Heat stress from extreme heat and humidity will annually affect areas now home to 1.2 billion people by 2100, assuming current greenhouse gas emissions, according to a Rutgers study.

That’s more than four times the number of people affected today, and more than 12 times the number who would have been affected without industrial era global warming.

The research is published in the journal Environmental Research Letters.

Rising global temperatures are increasing exposure to heat stress, which harms human health, agriculture, the economy and the environment. Most climate studies on projected heat stress have focused on heat extremes but not considered the role of humidity, another key driver.

“When we look at the risks of a warmer planet, we need to pay particular attention to combined extremes of heat and humidity, which are especially dangerous to human health,” said senior author Robert E. Kopp, director of the Rutgers Institute of Earth, Ocean, and Atmospheric Sciences and a professor in the Department of Earth and Planetary Sciences in the School of Arts and Sciences at Rutgers University-New Brunswick.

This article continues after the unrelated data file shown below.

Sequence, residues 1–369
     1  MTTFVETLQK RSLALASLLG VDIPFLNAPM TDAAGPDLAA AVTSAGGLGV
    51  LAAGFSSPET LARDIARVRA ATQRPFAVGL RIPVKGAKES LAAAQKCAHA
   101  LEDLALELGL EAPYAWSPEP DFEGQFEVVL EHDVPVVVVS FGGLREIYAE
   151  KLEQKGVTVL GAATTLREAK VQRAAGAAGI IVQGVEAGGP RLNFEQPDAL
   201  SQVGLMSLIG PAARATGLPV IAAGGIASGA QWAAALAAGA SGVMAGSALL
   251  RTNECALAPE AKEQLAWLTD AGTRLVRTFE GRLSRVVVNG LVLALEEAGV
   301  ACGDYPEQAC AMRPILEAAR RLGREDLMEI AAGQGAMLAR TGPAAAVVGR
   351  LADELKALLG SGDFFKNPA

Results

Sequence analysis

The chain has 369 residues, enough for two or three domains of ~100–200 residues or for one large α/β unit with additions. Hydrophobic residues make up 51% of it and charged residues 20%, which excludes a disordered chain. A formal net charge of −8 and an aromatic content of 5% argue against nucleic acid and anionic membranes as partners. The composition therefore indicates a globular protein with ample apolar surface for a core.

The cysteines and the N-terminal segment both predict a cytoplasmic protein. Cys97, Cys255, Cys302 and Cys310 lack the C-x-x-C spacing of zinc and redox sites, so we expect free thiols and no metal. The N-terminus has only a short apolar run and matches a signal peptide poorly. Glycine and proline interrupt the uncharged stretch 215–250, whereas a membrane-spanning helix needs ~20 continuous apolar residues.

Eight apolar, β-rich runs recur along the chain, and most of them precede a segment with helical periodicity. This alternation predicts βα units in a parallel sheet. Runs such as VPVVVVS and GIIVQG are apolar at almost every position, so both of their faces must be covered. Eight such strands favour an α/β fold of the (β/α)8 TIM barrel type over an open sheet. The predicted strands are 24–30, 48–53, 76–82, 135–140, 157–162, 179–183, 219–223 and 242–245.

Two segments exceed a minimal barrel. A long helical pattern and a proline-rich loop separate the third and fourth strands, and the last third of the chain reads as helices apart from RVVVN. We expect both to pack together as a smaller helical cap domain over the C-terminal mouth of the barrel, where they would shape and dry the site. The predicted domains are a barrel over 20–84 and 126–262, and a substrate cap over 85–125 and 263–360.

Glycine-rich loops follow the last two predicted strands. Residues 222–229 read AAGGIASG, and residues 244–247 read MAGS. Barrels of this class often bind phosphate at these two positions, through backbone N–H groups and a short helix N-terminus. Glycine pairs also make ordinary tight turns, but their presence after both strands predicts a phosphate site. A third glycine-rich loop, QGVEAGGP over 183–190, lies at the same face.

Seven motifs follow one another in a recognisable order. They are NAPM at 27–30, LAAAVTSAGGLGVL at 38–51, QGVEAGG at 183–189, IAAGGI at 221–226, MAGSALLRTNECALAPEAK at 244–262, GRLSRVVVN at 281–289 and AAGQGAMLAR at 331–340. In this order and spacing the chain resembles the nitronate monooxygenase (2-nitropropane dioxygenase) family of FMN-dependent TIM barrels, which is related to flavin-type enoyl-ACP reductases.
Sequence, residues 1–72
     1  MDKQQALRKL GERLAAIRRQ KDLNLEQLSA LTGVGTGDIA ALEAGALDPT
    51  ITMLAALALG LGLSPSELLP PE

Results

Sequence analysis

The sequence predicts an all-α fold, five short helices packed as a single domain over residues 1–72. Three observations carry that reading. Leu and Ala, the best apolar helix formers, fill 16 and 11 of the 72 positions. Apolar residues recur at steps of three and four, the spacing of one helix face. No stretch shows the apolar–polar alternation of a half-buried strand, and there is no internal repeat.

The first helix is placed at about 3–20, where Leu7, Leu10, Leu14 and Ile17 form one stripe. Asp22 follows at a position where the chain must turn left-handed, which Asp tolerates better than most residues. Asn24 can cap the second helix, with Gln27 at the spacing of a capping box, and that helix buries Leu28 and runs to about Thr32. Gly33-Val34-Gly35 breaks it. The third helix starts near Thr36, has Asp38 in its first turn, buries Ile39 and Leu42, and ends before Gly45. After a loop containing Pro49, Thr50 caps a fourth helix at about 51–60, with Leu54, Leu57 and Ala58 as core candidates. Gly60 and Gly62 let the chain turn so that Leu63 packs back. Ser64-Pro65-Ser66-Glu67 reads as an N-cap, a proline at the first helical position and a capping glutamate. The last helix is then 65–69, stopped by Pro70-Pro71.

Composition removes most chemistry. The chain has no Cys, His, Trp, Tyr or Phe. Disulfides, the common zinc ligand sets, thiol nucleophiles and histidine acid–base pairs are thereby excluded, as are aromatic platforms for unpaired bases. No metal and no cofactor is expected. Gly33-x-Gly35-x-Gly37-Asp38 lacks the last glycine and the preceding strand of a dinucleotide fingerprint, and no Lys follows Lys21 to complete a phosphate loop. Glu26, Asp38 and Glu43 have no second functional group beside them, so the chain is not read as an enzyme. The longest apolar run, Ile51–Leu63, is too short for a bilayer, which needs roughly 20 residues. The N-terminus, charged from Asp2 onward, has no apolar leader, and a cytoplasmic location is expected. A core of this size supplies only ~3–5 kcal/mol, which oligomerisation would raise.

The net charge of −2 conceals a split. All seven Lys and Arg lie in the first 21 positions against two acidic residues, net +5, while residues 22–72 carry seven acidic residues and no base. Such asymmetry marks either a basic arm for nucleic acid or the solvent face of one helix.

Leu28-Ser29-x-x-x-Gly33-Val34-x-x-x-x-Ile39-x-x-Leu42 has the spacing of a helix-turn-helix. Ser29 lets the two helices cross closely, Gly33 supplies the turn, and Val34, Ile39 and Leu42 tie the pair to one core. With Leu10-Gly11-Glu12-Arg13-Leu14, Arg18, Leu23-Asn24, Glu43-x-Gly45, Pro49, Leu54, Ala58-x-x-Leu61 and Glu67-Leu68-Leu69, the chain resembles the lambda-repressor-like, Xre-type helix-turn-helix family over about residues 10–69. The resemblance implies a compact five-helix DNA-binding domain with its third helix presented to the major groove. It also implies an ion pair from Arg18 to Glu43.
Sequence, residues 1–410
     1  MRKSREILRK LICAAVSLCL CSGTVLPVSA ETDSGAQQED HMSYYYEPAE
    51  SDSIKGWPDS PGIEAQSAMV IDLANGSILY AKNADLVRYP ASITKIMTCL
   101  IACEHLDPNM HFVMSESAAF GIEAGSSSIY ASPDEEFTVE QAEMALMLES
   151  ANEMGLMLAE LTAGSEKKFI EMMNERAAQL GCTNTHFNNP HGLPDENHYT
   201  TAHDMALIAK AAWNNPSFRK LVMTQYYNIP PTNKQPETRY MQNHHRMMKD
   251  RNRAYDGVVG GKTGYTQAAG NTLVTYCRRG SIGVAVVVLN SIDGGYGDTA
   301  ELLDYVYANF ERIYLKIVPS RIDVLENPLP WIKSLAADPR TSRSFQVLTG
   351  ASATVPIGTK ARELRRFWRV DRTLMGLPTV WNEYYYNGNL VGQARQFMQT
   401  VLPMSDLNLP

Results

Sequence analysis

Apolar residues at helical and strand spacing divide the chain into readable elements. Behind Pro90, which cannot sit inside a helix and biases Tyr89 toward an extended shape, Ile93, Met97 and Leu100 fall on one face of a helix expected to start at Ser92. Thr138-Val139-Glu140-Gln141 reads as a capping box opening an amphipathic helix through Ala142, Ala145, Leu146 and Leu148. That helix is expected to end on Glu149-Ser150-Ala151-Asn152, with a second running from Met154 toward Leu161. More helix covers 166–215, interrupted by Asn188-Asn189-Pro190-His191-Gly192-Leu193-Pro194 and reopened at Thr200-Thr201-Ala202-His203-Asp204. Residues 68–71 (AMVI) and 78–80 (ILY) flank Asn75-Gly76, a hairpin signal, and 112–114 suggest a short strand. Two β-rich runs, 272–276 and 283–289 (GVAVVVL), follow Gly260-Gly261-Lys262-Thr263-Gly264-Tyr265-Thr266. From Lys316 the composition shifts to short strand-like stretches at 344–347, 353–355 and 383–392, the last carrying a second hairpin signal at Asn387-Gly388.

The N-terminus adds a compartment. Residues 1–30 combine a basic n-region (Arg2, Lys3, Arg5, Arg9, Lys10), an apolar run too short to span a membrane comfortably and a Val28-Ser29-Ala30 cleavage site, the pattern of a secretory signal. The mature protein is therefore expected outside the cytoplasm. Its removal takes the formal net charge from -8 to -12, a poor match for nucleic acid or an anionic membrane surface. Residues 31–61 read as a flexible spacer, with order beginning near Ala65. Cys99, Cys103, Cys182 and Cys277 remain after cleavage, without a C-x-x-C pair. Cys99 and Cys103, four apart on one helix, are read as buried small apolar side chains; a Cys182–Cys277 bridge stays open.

“Every bit of global warming makes hot, humid days more frequent and intense. In New York City, for example, the hottest, most humid day in a typical year already occurs about 11 times more frequently than it would have in the 19th century,” said lead author Dawei Li, a former Rutgers post-doctoral associate now at the University of Massachusetts.

Heat stress is caused by the body’s inability to cool down properly through sweating. Body temperature can rise rapidly, and high temperatures may damage the brain and other vital organs. Heat stress ranges from milder conditions like heat rash and heat cramps to heat exhaustion, the most common type. Heat stroke, the most serious heat-related illness, can kill or cause permanent disability without emergency treatment, according to the U.S. Centers for Disease Control and Prevention.

The study looked at how combined extremes of heat and humidity increase on a warming Earth, using 40 climate simulations to get statistics on rare events. The study focused on a measure of heat stress that accounts for temperature, humidity and other environmental factors, including wind speed, sun angle and solar and infrared radiation.

Read more at Rutgers University